DER Inclusiveness Turning Grid-Edge Challenges Into Opportunities

Utilities' residential and business customers alike are adopting distributed energy resources (DER), especially rooftop solar photovoltaic, at an historic pace.

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By Bradley Williams

Utilities’ residential and business customers alike are adopting distributed energy resources (DER), especially rooftop solar photovoltaic, at an historic pace. Their ability to impact grid reliability, outages, revenue and even overall business health can be positive or negative, depending upon how utilities integrate these DER and the large amounts of data they continuously produce.

At the same time, the data produced by these and other grid connected devices-the Internet of Things (IoT)-is putting new pressure on utilities. In combination, these challenges are causing utilities to transform their business models to better manage evolving distribution operations.

NEW APPROACHES TO UTILITY PROCESSES

With so much distribution grid innovation now being driven by consumers and policy and regulatory changes, utilities must quickly understand how to turn the grid edge into business opportunities, rather than a stumbling block. They can do so by evolving their business model, which can open up innovative ways of gaining revenue, improving asset performance and lowering operating cost, such as:

  • Increasing customer choice to participate in demand response (DR), load shifting and the sale of excess and stored DER generation into other markets.
  • Minimizing asset risk by identifying and mitigating negative performance patterns via predictive modeling of granular DERs and their connections to the grid. The models leverage real-time, location-based weather forecasts, as well as related sensor data to provide clear DER visibility at the edge of the grid.
  • Alleviating utility grid, as well as supply-side, constraint via DR by leveraging both utility and consumer assets to dynamically shift output among other generation sources. DR is a great resource to help mitigate grid impacts from the intermittency of renewable DERs.

The systems required to deliver this innovation must support new approaches to utility processes, such as automating DER and other device connections. In addition, utility and other sensor devices must be able to communicate with these resources. And, depending upon the utility’s business model, third-party service providers might also be part of the processes. Complex programs, billing and load shifting also must be reconciled with customers to ensure revenue. An entire connection-through-customer-service process lifecycle for DER, DR and other connected devices exists. It is decidedly more complicated than the traditional customer or asset lifecycle process employed by utilities in the past.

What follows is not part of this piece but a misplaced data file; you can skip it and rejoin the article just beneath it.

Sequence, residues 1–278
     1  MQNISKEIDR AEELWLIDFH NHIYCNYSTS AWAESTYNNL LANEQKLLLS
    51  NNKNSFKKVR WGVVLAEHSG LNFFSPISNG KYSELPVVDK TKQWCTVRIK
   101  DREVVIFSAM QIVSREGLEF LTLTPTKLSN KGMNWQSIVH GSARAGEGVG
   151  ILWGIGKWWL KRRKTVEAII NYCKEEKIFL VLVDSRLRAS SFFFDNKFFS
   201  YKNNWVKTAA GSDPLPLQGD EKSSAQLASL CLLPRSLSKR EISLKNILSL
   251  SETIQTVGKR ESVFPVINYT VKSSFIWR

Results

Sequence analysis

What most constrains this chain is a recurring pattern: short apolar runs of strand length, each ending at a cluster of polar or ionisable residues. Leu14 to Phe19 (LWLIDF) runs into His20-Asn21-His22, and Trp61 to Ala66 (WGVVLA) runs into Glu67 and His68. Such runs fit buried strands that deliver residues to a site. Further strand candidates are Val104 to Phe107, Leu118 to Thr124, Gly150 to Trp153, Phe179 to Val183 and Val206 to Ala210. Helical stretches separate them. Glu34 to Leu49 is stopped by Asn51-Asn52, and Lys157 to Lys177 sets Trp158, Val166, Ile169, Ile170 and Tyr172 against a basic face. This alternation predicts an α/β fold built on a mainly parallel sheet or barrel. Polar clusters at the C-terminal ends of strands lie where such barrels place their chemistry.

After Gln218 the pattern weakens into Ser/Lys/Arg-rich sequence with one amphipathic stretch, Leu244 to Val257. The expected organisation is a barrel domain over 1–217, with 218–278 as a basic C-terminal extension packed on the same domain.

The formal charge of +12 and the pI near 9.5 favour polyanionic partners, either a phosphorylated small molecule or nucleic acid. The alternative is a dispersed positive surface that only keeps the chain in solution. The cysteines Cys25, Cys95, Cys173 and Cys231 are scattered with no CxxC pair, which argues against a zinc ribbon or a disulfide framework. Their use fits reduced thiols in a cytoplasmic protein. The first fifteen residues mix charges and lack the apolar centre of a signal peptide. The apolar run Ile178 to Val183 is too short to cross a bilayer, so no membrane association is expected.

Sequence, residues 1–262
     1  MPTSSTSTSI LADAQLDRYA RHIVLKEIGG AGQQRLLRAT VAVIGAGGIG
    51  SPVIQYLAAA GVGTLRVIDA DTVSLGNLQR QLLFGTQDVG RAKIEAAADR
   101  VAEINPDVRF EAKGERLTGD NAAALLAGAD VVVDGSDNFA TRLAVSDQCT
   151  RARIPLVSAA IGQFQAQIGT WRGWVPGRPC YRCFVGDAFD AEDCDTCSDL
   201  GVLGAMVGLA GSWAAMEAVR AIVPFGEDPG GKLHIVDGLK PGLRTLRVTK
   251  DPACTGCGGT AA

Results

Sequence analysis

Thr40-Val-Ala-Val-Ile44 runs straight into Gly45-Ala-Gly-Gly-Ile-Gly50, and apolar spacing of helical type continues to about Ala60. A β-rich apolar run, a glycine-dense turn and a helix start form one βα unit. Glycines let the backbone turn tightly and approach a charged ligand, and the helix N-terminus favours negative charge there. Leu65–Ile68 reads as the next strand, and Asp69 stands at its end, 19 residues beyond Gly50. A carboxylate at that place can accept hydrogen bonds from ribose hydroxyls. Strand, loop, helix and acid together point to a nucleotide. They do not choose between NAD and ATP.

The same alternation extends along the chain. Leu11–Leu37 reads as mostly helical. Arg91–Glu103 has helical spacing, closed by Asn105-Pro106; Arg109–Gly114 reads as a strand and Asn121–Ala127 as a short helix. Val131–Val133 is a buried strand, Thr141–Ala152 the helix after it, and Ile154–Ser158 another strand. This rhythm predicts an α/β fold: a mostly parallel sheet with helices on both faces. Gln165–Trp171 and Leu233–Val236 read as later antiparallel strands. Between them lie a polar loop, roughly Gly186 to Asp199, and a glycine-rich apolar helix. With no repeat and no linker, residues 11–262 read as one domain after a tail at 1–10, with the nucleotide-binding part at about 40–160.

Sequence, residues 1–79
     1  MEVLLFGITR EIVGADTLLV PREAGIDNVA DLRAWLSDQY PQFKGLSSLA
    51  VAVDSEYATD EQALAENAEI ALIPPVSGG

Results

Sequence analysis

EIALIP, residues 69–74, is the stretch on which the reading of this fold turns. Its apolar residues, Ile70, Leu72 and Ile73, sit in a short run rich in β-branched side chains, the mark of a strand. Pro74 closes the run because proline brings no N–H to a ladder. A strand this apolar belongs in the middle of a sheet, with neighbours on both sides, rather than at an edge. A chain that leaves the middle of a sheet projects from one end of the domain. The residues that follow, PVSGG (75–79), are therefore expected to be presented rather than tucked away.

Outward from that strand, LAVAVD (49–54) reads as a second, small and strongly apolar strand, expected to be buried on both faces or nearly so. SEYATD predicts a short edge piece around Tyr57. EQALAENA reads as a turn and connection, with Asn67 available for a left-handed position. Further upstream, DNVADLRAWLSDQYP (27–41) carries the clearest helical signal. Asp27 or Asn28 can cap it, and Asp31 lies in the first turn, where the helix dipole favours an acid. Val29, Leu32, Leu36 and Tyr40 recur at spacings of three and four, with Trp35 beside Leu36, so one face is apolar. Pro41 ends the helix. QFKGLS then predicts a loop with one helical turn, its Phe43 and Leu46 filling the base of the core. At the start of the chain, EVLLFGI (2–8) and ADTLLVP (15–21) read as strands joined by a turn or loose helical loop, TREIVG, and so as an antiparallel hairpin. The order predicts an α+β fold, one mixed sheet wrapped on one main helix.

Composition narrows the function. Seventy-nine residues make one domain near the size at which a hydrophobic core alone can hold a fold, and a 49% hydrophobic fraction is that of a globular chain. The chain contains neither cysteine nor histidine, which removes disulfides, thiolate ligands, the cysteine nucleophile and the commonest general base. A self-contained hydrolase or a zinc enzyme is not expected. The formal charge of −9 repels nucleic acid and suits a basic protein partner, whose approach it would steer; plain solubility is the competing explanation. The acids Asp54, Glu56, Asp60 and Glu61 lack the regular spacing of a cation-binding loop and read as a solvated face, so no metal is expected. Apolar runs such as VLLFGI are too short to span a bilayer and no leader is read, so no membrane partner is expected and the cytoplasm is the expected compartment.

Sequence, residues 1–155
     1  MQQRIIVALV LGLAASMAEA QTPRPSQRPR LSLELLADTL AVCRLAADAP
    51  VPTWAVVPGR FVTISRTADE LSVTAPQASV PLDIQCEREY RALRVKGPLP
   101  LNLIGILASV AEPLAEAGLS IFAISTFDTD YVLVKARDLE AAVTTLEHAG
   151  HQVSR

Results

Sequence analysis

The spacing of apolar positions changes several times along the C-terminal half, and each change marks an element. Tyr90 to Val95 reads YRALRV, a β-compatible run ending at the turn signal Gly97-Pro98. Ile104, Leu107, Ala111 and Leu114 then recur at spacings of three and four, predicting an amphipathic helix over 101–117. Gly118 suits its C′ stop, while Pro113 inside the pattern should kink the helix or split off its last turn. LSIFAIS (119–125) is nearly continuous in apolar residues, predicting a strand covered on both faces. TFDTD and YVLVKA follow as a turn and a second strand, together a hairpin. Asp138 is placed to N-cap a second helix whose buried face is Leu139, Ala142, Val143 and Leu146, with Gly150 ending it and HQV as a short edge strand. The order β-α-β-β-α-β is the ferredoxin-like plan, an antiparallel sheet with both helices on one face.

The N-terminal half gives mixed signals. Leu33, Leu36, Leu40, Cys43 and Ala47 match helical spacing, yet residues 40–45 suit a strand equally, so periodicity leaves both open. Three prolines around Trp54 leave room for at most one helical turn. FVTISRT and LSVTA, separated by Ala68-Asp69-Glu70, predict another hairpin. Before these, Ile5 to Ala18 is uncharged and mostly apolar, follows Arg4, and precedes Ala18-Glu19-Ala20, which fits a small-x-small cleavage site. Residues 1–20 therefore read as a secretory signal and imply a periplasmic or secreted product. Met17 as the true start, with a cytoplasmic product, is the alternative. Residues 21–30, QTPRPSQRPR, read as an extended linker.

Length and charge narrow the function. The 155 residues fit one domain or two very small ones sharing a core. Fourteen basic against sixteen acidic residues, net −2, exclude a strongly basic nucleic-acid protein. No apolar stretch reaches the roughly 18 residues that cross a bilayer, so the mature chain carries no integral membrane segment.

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DEFINING THE DER LIFECYCLE MANAGEMENT PROCESS

The traditional distribution process has its own defined lifecycle, and so does DER management. Sometimes, when dealing with grid-edge devices and technologies, it’s a matter of managing a distributed device on its own. When dealing with a higher proliferation of DER within a specific territory, the process also involves bringing perhaps millions of granular DER devices into the utility’s network model and understanding how they impact the utility’s traditional distribution model. Beyond initial pilot projects, utilities must leverage automated information management processes to capture and keep these models current.

The DER lifecycle management process, much like many other utility processes, begins and ends with the customer.

Following are six distinct steps seen in this process, beginning with connecting the customer’s DER:

  • Connect and energize
  • Operations and control
  • Service and maintenance
  • Risk analysis and planning
  • Outage management
  • Customer interaction

Connect and Energize. Regulated utilities are obligated to serve their customers as part of their regulatory mandate. Many see the connection of customers’ rooftop solar PV as an assumed extension of that mandate. The “connect and energize” step from a DER perspective means trying to get valuable generation or storage or both connected and into the grid model as quickly as possible so that those resources also are available to the utility, which can use them for reliability and revenue purposes.

Every utility has established a process for dealing with new building or customer connections, and this process is similar from one utility to the next. When it comes to connections for DER or other smart devices, however, utilities have taken many different initial approaches. Some began as pilot projects, others have been managed through GIS, and so on. These approaches may have worked for a few hundred or even a few thousand devices, but a more robust process is needed for continued customer engagement when a utility begins to deal with DER at scale. In this instance, the connect-and-energize process must allow for process automation, with predefined workflows to speed the associated work. As DER levels increase, utilities need automated DER asset registry processes and systems that can scale to every utility connected customer.